wanderer53 Sir Nigel Gresley

Location: front left seat EE set now departed
Council defers decision on Hamilton-Auckland rail service
Waikato Regional Council has deferred a decision
on whether to include a Hamilton to Auckland rail
service in its 2012-2022 Long Term Plan until it
has more information from its funding partners.
The council received the final report from the
Hamilton to Auckland Rail Working Party
recommending that a two-year trial of a passenger
rail service between the two cities be included in the
long term plans of the regional council, Hamilton
City, Waipa and Waikato district councils.
Chairman Peter Buckley acknowledged the rail
working party had been established to look at the
feasibility of the service and develop a proposal
for formal consultation with the public.
"But we cannot consult while the options for
funding the proposed trial are uncertain," he said.
"We need more information about the funding
of the trial and also to hear from all our partner
councils," he said. The issue will be considered
again on November 23.
Waipa District Council has formally advised it
is not supporting the proposal, while Auckland
Council is not going to consider funding unless
the service can be shown to clearly produce
benfits to Aucklanders.
Hamilton City Council was also considering the
recommendations today and Waikato District
Council will discuss them next week.
Although the New Zealand Transport Agency
has indicated it will not fund the rail service,
it has said it is open to considering a funding
application supported by a robust business case.
Waikato Regional Transport Committee and
rail working party chair Norm Barker said it was
important the council 'kept the faith' with the
large number of people who wanted a rail service.
"We should include the rail proposal in our LTP
and our regional transport plan and apply for
funding to NZTA - it's about putting forward a
strong case for our regional priorities."
The proposal is for a Silver Fern service between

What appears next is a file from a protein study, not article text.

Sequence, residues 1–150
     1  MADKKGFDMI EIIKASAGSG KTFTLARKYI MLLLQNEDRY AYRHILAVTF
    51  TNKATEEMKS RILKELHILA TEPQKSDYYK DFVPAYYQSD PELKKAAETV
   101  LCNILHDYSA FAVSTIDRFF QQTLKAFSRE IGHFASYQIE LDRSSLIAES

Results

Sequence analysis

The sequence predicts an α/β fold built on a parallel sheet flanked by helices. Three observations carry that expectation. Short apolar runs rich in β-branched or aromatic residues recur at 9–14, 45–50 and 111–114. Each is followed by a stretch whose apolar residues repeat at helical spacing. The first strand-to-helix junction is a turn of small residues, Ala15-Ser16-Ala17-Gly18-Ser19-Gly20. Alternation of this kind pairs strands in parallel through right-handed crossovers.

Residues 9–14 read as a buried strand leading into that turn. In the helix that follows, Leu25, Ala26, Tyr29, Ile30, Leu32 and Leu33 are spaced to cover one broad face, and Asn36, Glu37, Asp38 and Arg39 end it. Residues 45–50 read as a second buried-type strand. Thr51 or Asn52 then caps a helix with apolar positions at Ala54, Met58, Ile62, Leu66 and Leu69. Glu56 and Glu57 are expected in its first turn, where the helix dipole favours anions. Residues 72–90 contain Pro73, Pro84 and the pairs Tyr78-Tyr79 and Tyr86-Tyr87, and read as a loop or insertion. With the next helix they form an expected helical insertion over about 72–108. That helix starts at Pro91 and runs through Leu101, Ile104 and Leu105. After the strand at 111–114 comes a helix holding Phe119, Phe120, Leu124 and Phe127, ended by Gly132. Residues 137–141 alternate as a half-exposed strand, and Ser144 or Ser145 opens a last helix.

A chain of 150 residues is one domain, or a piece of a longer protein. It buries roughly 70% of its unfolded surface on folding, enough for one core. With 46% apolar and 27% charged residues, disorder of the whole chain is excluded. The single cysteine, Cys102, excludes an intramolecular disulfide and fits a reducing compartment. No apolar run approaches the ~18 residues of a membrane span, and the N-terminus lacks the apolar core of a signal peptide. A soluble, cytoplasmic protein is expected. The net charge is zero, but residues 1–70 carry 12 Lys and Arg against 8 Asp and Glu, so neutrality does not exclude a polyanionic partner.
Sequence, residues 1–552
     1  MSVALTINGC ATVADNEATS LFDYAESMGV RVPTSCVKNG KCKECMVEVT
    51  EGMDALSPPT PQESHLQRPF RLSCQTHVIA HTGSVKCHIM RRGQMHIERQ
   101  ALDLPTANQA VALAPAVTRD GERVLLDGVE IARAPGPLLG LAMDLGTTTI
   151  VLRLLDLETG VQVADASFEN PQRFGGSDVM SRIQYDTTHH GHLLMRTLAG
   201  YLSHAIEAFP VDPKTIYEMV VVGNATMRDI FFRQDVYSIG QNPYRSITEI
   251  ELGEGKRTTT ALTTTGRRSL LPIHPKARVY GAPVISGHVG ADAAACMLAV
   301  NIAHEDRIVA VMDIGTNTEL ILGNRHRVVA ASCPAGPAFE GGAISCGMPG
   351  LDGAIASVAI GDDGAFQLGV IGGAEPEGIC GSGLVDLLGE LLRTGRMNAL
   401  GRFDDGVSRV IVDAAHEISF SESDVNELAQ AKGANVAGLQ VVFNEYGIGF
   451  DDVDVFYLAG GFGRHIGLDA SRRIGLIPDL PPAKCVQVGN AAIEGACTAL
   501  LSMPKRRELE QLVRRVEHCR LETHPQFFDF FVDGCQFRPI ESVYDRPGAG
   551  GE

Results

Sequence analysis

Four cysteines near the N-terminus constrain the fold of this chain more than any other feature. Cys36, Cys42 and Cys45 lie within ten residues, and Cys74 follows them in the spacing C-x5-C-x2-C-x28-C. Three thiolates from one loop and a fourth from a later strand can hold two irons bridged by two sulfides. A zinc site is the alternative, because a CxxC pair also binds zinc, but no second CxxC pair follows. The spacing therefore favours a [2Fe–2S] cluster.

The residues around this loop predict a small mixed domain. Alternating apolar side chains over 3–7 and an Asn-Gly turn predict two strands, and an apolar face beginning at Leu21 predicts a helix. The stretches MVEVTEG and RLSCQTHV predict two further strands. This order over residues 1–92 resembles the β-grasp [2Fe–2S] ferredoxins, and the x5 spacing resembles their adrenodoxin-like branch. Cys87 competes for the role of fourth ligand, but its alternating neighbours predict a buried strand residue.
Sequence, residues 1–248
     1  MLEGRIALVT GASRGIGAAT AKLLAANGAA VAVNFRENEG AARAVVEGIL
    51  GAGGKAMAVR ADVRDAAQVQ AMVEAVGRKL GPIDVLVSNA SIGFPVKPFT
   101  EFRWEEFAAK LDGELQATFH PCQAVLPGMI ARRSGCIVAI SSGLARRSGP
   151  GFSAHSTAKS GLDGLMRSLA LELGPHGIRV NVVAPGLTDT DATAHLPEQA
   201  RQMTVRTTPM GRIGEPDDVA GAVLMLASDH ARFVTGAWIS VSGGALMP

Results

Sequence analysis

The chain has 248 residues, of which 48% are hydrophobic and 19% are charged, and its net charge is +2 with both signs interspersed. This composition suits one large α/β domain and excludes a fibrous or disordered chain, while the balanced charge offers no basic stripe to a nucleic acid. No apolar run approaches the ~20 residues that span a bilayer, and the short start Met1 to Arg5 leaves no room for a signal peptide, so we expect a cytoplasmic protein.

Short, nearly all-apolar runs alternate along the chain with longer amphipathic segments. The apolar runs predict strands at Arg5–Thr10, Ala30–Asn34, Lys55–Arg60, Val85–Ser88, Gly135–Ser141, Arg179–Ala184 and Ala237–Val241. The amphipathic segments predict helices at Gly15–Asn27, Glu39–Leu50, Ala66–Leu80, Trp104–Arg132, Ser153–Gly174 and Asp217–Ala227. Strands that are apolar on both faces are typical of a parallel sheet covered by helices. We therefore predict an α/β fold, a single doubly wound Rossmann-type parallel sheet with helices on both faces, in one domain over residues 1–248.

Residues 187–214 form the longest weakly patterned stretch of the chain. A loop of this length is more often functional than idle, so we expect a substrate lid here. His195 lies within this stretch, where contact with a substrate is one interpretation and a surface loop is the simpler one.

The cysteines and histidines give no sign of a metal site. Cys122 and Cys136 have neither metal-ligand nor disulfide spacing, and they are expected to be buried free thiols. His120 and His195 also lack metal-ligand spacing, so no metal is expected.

Frankton railway station in Hamilton to the
Strand and Newmarket in Auckland at peak
times. The off-peak service could operate between
Frankton in Hamilton and Britomart railway
station in Auckland.
 
wanderer53 Sir Nigel Gresley

Location: front left seat EE set now departed
Support for a proposed rail service between Auckland and Hamilton is drawing to a halt.

Earlier this month, Auckland Transport said they would not contribute funding for a two-year trial of a twice daily return service because it wouldn't provide enough benefits for Aucklanders.

Now Waikato councils are following suit.

Yesterday the Waikato Regional Council said it would not include the project in its 2012-2022 long term plan unless other funding partners were willing to jump on board.

Their decision goes against a report this week from the Hamilton to Auckland Rail Working Party which recommend the project be included in the long term plans of the regional council, as well as the Hamilton City, Waipa and Waikato District councils.

Waipa Council has already said it does not support the proposal.

Waikato District Council will consider the project next week and Hamilton City Council is also yet to make a decision.

Initially Auckland had been expected to cover the $1.23 million shortfall with ticket sales contributing a further 40 per cent to the $1.97m annual running costs.

But that was rejected by Auckland Transport who said the project provided little benefit for the city.

Public transport advocate Cameron Pitches disagreed with their claim saying businesses like Fonterra and Southern Cross Healthcare had workers commuting between both cities.

He said the service would bring Hamiltonians into Auckland who would then spend money in the city.

A daily commuter service was established between the two cities in mid-2000 but was canned a year later due to low patronage with an average 129 passengers per trip.

The Overlander currently operates a train from Auckland which stops at Hamilton but this caters to a tourist market, is more expensive and less reliable than the service being proposed.
 
alexjc Deputy Commissioner


Confused I think it's time to call a halt for now...At the moment the HCC is about to be put under possible administration due to other events that have cast a pall over the city.

Kiwirail is reluctant to use it's Silver Ferns on commuter runs and are looking to overhaul their Catipillar engines to make them more efficiant. Rumor has it, there really is going to be a new Chch - Dunedin service launched next year.

I re-iterate my case - Close the Wire Gap for ALL rail use between Auckland and Te Rapa...The we will see regional passenger services.
 
wanderer53 Sir Nigel Gresley

Location: front left seat EE set now departed
Confused I think it's time to call a halt for now...At the moment the HCC is about to be put under possible administration due to other events that have cast a pall over the city.

Kiwirail is reluctant to use it's Silver Ferns on commuter runs and are looking to overhaul their Catipillar engines to make them more efficiant. Rumor has it, there really is going to be a new Chch - Dunedin service launched next year.

I re-iterate my case - Close the Wire Gap for ALL rail use between Auckland and Te Rapa...The we will see regional passenger services.
- alexjc


In which case it will be 20 years before this comes up again!
 
wanderer53 Sir Nigel Gresley

Location: front left seat EE set now departed
Council receives final recommendations on Hamilton to Auckland rail service

27 October 2011